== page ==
Mighty Oaks from Little Acorns Grow. — Proverb

What Is Propagation?

Youth transplanting young sedges and forbs into the propagation garden.

Propagation is the process of reproducing plants from seeds, divided roots, cuttings, or other plant parts. In the summer of 2014, the City installed a propagation garden in the Classroom including raised garden beds, stone seating, and space for gravel beds. The propagation garden provides a source for local ecotype plant material for future restoration activities within the Classroom and a site for educational activities for students and volunteers. Each year, the propagation garden features a variety of native species. Some of the native species that you might see in the propagation garden include prairie blazing star, purple prairie clover, prairie dropseed, and butterfly milkweed.

Growing in Gravel

Compare the roots of a balsam poplar and red maple before and after growing in a gravel bed. Transplantation after growing in a gravel bed is less stressful for plants.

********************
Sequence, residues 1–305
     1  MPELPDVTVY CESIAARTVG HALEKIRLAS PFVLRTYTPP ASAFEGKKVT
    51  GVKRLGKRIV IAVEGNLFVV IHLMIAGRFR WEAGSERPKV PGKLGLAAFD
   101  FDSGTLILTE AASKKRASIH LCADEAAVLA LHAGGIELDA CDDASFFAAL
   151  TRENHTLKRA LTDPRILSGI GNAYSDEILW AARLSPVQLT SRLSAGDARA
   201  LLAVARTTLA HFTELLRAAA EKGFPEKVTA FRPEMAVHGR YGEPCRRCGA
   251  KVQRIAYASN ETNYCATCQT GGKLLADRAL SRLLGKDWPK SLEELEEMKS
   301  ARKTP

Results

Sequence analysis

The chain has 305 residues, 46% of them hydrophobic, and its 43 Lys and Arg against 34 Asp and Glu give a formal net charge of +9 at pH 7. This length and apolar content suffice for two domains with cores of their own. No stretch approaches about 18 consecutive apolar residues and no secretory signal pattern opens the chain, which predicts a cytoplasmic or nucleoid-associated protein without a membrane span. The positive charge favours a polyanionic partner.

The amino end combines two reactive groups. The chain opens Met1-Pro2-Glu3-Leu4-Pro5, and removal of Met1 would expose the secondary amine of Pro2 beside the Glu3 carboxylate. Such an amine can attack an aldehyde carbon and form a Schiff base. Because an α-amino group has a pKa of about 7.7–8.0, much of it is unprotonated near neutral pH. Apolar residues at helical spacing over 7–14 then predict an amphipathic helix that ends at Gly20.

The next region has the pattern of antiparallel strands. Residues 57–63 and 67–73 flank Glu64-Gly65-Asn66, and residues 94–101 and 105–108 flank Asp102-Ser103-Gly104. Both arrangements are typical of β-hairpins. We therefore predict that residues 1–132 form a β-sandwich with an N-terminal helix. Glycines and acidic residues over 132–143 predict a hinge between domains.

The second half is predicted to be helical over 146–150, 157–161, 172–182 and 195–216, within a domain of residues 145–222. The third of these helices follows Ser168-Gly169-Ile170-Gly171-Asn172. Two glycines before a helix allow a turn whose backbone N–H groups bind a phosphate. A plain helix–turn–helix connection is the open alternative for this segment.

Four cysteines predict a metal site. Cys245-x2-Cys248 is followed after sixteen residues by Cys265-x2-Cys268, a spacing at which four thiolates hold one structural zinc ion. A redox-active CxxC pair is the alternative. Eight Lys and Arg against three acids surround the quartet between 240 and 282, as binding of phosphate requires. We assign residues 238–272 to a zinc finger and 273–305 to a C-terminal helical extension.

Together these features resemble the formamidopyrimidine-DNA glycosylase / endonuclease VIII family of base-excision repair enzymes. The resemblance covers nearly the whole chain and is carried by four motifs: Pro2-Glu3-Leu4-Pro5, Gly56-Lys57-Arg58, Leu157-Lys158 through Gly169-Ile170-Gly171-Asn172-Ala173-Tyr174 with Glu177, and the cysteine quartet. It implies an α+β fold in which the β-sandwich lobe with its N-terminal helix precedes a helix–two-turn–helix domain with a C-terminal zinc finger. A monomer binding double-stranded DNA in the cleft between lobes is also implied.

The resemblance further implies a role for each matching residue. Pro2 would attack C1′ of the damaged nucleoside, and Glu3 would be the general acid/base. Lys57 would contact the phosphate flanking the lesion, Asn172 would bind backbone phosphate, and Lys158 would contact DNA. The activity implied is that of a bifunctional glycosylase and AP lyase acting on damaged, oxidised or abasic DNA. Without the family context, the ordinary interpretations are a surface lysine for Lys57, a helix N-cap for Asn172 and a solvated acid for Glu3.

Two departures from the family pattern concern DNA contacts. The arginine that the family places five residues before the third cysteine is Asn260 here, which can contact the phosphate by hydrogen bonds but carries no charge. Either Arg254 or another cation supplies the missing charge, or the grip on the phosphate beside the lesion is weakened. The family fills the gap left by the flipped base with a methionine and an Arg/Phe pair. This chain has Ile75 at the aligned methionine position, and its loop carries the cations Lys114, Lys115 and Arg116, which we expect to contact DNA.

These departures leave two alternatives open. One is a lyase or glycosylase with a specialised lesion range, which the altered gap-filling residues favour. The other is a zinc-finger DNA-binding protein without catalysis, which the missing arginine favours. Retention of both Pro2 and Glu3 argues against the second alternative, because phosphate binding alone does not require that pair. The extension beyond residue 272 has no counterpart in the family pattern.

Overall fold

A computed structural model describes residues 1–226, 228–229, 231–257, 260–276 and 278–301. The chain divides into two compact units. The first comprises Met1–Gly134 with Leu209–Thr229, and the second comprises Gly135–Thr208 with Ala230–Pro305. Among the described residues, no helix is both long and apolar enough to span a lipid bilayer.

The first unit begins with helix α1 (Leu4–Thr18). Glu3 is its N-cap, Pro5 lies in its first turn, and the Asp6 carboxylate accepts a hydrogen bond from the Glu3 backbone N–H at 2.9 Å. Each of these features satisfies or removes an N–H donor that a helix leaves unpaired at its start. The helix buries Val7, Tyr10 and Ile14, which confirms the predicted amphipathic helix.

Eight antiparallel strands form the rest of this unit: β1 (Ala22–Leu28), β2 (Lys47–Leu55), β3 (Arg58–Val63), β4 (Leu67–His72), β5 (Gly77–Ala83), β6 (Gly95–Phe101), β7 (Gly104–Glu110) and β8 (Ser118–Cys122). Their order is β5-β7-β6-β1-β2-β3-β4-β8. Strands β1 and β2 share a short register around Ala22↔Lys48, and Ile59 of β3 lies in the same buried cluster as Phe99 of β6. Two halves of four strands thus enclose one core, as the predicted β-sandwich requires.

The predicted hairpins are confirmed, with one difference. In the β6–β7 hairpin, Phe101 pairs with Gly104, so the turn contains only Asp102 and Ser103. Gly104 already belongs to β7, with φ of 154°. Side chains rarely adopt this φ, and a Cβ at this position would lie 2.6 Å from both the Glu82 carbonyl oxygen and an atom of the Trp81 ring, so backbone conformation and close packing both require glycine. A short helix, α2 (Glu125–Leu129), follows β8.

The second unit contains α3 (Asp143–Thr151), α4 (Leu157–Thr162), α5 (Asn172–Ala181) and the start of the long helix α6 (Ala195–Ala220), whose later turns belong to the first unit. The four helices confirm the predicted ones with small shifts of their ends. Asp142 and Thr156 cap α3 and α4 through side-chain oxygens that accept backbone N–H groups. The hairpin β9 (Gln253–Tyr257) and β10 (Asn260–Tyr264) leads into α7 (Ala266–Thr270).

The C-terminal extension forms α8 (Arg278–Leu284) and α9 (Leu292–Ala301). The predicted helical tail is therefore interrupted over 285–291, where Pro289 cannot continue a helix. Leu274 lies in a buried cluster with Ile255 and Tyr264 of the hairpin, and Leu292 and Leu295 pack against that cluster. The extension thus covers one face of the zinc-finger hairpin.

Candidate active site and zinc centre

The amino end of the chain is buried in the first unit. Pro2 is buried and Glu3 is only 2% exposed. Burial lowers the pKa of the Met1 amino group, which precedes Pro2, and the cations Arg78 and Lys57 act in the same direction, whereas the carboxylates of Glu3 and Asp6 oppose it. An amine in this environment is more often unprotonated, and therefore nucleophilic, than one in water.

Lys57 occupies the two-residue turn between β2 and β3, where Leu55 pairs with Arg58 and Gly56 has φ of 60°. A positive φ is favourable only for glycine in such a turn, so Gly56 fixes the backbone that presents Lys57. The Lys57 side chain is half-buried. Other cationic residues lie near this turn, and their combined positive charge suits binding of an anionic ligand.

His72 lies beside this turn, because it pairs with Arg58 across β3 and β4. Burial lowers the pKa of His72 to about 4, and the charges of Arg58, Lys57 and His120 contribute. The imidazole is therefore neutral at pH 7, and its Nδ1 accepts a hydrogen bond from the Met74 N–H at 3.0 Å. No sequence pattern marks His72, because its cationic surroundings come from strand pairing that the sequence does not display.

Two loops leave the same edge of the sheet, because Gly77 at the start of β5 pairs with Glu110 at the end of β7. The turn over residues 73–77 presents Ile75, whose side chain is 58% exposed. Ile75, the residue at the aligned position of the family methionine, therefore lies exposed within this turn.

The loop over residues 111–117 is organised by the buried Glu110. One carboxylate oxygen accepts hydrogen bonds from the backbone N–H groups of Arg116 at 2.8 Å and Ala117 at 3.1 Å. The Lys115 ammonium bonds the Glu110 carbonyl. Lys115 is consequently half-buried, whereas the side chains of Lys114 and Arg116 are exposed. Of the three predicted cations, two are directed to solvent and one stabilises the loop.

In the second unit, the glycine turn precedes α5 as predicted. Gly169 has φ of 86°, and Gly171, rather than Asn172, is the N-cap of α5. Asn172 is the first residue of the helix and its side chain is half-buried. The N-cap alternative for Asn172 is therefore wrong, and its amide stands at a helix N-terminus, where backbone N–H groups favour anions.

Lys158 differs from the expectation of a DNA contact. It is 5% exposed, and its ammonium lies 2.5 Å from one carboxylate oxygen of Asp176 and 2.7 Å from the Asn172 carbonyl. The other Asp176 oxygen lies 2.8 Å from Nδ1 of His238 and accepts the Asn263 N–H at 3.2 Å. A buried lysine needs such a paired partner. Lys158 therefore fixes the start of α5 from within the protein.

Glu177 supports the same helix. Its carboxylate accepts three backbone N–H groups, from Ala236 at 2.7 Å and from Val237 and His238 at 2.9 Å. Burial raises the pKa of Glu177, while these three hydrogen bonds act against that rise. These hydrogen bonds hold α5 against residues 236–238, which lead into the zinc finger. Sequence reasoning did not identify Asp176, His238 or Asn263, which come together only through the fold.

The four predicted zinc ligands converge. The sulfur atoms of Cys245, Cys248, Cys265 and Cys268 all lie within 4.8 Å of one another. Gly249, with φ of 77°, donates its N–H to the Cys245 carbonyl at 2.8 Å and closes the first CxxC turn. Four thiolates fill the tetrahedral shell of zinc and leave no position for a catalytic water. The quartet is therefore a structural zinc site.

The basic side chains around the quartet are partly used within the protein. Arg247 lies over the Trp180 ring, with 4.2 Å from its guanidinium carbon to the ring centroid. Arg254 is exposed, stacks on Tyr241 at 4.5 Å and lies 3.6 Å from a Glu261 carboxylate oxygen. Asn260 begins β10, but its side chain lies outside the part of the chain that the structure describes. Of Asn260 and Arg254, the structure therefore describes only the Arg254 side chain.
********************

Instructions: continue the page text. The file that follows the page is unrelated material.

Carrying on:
A relatively new strategy for propagating woody plant material is the use of gravel beds. A gravel bed is an irrigated raised garden bed filled with about 18” of pea stone or another coarse stone instead of soil. Dormant bare root nursery stock is planted in the gravel and grown until it is time to be transplanted. The porous structure of the pea stone retains water and allows oxygen to penetrate deep into the lower portions of the bed, allowing fibrous roots to develop. Fine, fibrous roots are typically broken or damaged when a plant is removed from soil, but conversely, gravel falls away from the roots and causes very little damage. This fibrous system grows vigorously while the plant is in the gravel, enabling it to easily absorb vital nutrients when planted. The result is increased transplant success.


  • Youth in a Propagation Garden. Photo: City of St. Paul
  • Roots before and after. Image: University of Minnesota Forest Resources

Last Edited: August 1, 2017